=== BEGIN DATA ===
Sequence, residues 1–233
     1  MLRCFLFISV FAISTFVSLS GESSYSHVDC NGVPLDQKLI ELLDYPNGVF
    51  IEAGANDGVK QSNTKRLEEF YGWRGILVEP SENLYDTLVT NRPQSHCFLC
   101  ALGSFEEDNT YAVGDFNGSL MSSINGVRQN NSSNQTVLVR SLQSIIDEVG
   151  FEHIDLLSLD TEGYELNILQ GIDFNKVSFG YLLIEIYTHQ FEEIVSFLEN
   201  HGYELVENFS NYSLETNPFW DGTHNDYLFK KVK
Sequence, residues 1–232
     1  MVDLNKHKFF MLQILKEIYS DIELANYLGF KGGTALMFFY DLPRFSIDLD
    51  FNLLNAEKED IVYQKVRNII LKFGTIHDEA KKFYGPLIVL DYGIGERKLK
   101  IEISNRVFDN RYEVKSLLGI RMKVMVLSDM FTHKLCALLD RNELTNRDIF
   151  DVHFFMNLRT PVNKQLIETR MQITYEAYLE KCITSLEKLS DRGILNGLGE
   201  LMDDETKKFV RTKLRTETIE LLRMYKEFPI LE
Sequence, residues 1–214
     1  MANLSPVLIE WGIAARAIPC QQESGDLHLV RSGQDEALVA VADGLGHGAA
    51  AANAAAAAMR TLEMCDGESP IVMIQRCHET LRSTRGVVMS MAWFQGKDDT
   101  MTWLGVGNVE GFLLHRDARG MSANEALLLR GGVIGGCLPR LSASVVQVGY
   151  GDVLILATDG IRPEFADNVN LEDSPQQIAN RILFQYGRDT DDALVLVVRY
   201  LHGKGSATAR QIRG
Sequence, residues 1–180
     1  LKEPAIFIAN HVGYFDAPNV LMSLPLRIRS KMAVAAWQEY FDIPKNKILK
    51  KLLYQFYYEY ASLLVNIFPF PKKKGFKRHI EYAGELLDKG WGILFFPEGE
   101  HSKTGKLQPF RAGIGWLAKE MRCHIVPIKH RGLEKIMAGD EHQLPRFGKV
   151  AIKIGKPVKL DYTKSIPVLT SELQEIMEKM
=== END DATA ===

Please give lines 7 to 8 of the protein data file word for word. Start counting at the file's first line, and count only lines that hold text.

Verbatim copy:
Sequence, residues 1–232
     1  MVDLNKHKFF MLQILKEIYS DIELANYLGF KGGTALMFFY DLPRFSIDLD